Conflicting Perspectives

Topics: Eternal Sunshine of the Spotless Mind, Michel Gondry, Poetry Pages: 2 (576 words) Published: June 23, 2013
“An important outcome of studying this elective is the realisation that all representations of perspectives are designed to provoke an intended response.”

To what extent does this statement relate to your study of at least one of Hughes’ poems and one related text of your own choosing?

In some texts authors have the intention to evoke a personal understanding in the audience. However, the personal experience varies between each individual creating conflicting ways in response to a text. These responses to the messages from the authors are shaped through personal experience and values of the individual. The notion of conflict within perspectives is evident in “Birthday Letters” by Ted Hughes especially in the poems “Fulbright Scholars” and “Sam” as well as in Michel Gondry’s film “Eternal Sunshine of the Spotless Mind.” The conflict within memory and connections leads to a representation of their conflict in perspectives.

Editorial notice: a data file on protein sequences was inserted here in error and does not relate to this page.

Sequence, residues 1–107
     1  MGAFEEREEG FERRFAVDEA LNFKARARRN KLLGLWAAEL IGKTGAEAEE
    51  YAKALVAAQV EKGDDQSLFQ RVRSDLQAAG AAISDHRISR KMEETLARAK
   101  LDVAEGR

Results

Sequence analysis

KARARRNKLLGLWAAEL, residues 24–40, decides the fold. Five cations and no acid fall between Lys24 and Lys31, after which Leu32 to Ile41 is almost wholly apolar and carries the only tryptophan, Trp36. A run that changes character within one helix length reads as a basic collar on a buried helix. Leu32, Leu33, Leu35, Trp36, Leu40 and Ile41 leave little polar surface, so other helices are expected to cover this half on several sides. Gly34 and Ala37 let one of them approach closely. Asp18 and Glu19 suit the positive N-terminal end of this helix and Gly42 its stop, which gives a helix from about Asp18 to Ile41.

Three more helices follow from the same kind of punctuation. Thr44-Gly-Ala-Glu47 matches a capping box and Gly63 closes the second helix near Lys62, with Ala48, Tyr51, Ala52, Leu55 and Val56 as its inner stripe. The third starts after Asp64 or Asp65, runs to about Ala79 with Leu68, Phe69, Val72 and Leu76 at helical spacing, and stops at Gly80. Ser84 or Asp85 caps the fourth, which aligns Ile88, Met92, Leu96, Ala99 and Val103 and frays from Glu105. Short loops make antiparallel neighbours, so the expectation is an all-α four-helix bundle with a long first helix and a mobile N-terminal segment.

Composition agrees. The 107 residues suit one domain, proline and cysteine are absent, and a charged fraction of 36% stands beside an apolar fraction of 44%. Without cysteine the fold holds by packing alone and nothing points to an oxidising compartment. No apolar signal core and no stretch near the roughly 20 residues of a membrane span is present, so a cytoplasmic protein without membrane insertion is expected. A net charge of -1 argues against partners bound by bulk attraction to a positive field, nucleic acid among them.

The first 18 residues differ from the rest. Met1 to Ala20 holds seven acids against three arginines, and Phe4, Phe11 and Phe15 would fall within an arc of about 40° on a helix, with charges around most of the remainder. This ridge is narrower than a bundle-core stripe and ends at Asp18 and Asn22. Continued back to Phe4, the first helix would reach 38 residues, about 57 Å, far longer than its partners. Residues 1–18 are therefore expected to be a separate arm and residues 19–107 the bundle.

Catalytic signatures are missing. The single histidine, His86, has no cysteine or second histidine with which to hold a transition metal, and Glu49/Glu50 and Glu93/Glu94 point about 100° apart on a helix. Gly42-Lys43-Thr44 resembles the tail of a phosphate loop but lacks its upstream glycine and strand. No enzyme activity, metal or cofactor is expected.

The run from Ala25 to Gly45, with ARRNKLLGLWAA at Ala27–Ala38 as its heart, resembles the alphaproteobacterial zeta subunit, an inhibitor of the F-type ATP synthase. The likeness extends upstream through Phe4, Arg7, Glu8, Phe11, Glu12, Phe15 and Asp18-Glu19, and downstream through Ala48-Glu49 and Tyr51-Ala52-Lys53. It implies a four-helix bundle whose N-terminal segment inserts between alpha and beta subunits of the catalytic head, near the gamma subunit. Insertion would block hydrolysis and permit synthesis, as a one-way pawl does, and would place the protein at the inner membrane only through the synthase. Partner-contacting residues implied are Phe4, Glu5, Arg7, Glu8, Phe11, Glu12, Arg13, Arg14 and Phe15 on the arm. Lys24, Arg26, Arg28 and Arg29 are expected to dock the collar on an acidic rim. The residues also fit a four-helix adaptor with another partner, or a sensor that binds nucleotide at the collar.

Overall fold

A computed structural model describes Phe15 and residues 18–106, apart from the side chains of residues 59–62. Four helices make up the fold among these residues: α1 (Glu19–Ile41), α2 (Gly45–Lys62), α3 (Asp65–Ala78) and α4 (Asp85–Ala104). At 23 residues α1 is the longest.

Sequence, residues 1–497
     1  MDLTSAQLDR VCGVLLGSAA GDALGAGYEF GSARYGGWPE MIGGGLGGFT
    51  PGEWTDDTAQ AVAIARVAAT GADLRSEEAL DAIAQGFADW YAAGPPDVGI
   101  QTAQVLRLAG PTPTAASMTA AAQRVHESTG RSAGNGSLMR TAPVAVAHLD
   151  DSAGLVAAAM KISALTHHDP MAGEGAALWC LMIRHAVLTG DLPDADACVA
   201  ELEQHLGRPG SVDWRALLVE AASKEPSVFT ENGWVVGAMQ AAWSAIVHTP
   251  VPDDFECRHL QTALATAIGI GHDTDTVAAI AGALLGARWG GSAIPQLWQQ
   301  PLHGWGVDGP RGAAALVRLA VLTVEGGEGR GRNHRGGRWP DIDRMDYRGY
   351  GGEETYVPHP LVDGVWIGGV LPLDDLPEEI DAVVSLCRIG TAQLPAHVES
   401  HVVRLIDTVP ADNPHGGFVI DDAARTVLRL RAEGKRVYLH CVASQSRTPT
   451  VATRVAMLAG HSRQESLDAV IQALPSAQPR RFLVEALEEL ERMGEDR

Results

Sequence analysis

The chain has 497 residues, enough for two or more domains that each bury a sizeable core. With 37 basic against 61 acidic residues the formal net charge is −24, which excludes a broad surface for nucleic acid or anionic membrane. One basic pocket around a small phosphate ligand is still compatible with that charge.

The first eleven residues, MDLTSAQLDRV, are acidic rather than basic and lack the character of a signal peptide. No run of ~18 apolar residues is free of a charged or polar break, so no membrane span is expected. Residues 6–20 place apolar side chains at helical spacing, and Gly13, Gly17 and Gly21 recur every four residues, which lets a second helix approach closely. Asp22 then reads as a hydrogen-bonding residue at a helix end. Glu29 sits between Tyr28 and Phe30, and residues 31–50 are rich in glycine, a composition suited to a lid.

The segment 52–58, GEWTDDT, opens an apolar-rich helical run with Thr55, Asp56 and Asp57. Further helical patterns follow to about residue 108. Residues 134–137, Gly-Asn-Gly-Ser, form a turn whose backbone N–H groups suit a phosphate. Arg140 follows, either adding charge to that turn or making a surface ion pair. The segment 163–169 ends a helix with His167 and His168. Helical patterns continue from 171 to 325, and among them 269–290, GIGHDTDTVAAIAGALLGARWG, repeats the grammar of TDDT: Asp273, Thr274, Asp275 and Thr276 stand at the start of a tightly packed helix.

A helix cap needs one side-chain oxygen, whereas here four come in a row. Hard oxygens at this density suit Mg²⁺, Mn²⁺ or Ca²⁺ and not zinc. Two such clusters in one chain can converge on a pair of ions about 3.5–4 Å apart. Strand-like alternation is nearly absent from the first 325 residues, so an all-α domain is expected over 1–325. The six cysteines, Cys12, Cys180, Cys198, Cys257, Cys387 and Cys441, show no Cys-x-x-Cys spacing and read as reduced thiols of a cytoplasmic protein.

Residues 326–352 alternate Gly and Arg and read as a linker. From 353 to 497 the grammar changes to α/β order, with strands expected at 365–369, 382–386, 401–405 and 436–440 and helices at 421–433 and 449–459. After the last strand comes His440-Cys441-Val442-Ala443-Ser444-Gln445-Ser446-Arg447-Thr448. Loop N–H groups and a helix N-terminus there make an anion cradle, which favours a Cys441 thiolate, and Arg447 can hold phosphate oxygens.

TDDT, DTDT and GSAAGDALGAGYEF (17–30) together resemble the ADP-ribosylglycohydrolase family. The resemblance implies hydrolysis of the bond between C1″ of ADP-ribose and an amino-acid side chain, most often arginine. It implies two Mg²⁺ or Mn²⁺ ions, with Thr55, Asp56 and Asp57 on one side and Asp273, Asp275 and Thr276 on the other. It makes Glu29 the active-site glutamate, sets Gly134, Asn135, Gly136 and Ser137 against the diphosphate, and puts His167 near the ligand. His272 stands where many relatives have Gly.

The nature and strength of memories is to some extent subjective in relation to events, situations and people. Hughes proves this idea of selective memory through the use of rhetorical questions asked in his first poem Fulbright Scholars such as “where was it, in the Strand?” and “was it when I bought a peach?” These questions are evidence of his disordered memory. Hughes perspective of Plath is somewhat subjective as he remembers vague details of particular moments and her “Veronica Lake bangs.” In his second poem “Sam” depicts the same events as Plath’s poem “Whiteness I remember” but showing his conflicting interpretation of Plath’s memory. The two poems prove conflicting ideas through the tempo of the first paragraphs and Hughes ongoing use of caesura. Although Plath interprets the event to be a “great run” and “high as the roofs” conflicting this idea Hughes describes it as dangerous and Plath having “lost (her) stirrups.” The text “Eternal Sunshine of the Spotless Mind” proves memory to be a selective sense; the character Joel...
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